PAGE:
Sensitive detection systems (or sensors) are required to distinguish a wide range of substances. Sensors find application in the areas of biotechnology, physics, chemistry, medicine, aviation, oceanography, and environmental control. These sensors, or biosensors, may be utilized to monitor the analyte-receptor reactions in real time (Myszka et ah, 1997). Scheller et al. (1991) have emphasized the importance of providing a better understanding of the mode of operation of biosensors to improve their sensitivity, stability, and specificity. A particular advantage of this method is that no reactant labeling is required. However, for the binding interaction to occur, one of the components has to be bound or immobilized onto a solid surface. This often leads to mass transfer limitations and subsequent complexities. Nevertheless, the solid-phase immunoassay technique represents a convenient method for the separation and/or detection of reactants (for example, antigen) in a solution since the binding of antigen to an antibody-coated surface (or vice versa) is sensed directly and rapidly. There is a need to characterize the reactions occurring at the biosensor surface in the presence of diffusional limitations that are inevitably present in these types of systems.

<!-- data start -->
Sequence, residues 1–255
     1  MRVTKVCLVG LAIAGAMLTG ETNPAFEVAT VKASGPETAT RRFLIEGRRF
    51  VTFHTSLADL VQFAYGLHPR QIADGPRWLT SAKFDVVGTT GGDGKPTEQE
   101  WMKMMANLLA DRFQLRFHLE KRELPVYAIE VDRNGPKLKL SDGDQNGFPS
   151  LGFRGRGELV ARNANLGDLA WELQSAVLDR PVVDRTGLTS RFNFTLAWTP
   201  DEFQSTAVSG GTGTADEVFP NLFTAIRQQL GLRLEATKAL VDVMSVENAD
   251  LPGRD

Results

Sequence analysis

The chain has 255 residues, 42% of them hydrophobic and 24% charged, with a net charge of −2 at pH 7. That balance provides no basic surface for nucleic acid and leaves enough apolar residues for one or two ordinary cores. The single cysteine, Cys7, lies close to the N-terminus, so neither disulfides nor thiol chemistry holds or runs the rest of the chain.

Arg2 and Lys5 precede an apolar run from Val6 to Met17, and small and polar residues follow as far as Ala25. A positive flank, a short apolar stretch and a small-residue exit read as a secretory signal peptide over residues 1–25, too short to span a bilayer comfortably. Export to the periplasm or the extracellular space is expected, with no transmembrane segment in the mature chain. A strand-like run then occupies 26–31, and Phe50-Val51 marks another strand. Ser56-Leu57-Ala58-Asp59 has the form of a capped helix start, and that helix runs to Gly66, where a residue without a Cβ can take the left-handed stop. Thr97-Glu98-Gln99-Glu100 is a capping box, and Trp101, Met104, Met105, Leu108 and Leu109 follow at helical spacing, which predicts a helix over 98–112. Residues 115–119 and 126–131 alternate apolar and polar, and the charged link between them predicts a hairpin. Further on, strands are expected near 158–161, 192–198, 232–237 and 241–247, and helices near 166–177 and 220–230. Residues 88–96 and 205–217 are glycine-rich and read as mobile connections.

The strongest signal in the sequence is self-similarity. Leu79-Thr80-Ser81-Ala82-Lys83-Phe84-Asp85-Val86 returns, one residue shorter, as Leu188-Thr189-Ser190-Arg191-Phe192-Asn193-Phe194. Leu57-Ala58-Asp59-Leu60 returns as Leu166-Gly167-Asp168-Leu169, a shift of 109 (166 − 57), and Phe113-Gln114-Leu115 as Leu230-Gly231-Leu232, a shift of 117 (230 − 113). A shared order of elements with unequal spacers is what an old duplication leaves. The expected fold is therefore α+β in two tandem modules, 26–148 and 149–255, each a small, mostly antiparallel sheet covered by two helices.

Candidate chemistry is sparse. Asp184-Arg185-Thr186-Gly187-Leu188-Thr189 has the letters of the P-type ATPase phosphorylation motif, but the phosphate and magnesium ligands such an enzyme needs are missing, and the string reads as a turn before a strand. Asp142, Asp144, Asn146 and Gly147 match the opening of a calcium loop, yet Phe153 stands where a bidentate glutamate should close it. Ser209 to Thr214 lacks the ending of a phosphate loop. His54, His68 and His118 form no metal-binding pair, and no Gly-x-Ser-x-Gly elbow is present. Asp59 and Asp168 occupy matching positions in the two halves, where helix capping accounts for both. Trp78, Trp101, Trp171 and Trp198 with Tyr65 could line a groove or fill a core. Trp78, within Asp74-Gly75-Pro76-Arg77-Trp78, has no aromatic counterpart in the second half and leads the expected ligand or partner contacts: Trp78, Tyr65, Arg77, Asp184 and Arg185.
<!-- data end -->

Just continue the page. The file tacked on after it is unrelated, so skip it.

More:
The details of the association of analyte (antibody or substrate) to a receptor (antigen or enzyme) immobilized on a surface is of tremendous significance for the development of immunodiagnostic devices as well as for biosensors (Pisarchick et al, 1992). In essence, the analysis we will present is, in general, applicable to ligand-receptor and analyte-receptorless systems for biosensor and other applications (for example, membrane-surface reactions). External diffusional limitations play a role in the analysis of immunodiag-nostic assays (Bluestein et al, 1991; Eddowes, 1987/1988; Place et al, 1991; Giaver et al., 1976; Glaser, 1993; Fischer et al, 1994). The influence of diffusion in such systems has been analyzed to some extent (Place et al, 1991; Stenberg et al, 1986; Nygren and Stenberg, 1985; Stenberg and Nygren, 1982; Morton et al, 1995; Sadana and Sii, 1992a, 1992b; Sadana and Madagula, 1994; Sadana and Beelaram, 1995; Sjolander and Urbaniczky, 1991). The influence of partial (Christensen, 1997) and total (Matsuda, 1967; Elbicke et al, 1984; Edwards et al, 1995) mass transport limitations on analyte-receptor binding kinetics for biosensor applications is available. The analysis presented for partial mass transport limitation (Christensen, 1997) is applicable to simple one-to-one association as well as to the cases where there is heterogeneity of the analyte or the ligand. This applies to the different types of biosensors utilized for the detection of different analytes.